Von der Leyen Nominates Hoekstra. News and Expectations

Politics - November 25, 2023

After Frans Timmermans’ announced his resignation from the European Union, the process to fill his remaining vacant role is wide open. The role of the now-former commissioner’s successor has important political and strategic significance, considering the weight of the dossiers Timmermans has pursued over time.

Almost at the end of the summer, despite the palace closures, important news arrived about the next candidate: Wopke Hoekstra.

Hoekstra, the outgoing foreign minister of the Netherlands, has also been given the green light by the president of the European Commission, Ursula von der Leyen, who will therefore put her name forward to the EU Parliament and Council. Hoekstra was first nominated by the Dutch government, and as of now appears to be the suitable candidate to lead the Eu on its green transition process.

As usual, according to the Eu procedures, before being formally appointed, Hoekstra will have to pass a hearing in the Eu Parliament attended by one or more of the parliamentary committees responsible for the portfolio.

Following the meeting between Hoekstra and von der Leyen, the president of EU Commission said the Dutch candidate has shown strong motivation and commitment to the European Union, also underlining how his government experience will be able to add value to European policy.

Hoekstra is known for being a member of the Christian Democratic Alliance (CDA) party and in Brussels he is a member of the European People’s Party, EPP. This has raised questions about her suitability for the role, especially from a certain political wing.

In fact, for the first time ever the European climate and environment agenda would be the responsibility of a right-wing politician, which some believe could not be a good thing. Although this preconception is not clear on what factual basis it may rest.

According to reports by Ursula von der Leyen, Hoekstra should be at the helm of European environmental policy while still remaining under the leadership of Socialist Maroš Šefčovič, who as of today is full-fledged Timmermans’ replacement, albeit for a fixed period.

The decision, therefore, that the Commission President would appear to have taken is to divide up the competencies that were previously all in Timmermans’ hands.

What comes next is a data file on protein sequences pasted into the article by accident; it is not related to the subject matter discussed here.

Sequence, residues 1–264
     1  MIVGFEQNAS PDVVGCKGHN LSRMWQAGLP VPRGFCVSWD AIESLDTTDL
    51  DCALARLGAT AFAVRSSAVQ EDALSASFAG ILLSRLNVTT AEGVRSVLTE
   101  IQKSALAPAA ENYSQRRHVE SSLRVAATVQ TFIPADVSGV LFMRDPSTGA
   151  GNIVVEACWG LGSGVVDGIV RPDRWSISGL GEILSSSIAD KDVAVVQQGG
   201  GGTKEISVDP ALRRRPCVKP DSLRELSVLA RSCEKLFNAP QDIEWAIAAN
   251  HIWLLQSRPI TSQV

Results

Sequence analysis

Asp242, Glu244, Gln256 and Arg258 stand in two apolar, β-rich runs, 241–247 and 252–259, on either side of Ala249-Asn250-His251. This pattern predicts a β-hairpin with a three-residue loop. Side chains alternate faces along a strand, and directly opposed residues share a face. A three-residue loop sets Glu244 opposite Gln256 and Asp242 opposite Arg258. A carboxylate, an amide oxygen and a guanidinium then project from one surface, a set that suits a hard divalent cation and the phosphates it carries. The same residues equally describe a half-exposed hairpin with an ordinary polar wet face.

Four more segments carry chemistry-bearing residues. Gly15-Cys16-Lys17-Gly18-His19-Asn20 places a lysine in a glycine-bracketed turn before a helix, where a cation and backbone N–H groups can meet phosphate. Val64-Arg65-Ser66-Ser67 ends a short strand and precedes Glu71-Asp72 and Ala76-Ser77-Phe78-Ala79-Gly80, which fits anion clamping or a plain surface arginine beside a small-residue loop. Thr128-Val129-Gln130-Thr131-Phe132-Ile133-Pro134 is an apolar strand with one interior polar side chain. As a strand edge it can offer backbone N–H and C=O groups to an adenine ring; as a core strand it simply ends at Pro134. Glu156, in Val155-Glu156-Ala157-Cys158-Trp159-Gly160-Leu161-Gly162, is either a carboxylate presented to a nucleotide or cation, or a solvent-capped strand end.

Indeed, the former Dutch commissioner, who had taken on the role of executive vice president for the Green Deal, was in charge of both the implementation of the ‘Green Pact for Europe’ (the economic growth strategy to make the European continent climate neutral by 2050) and climate action.

Two priorities on which two different political personalities will reportedly go to work separately, albeit complementarily.

The path leading to the appointment of the person in charge, or persons in charge, of environmental policy within the European Union is expected to be all uphill and not without twists and turns. Nevertheless, the choice of Eu commission chairperson bodes well for a European future that is more conservative and less tyrannical in terms of the goals to be achieved, often unreasonably and in ways that are not suitable for society as a whole.

Hoekstra’s appointment appears to be a step forward in achieving a Europe that is more attentive to its citizens and their needs, so that we have a Europe that does not want at all costs to pursue policies that poorly match the context in which they fit, but is more focused on working to make the context truly fit and ready to accommodate that green transition that has long been talked about.

Handing over the environmental policy portfolio to a nonleftist political figure for the first time should be understood as a success. Should this possibility come to fruition in practice, it will surely be a first step toward a success for the European right, which will also be facilitated in winning the European parliament. If the environmental policy agenda is managed by a conservative, we will finally see concrete and sustainable results for the entire social set-up and will impart a change of pace in the management of Eu policies in other areas as well. We are keeping our fingers crossed for what it promises to be a hot autumn.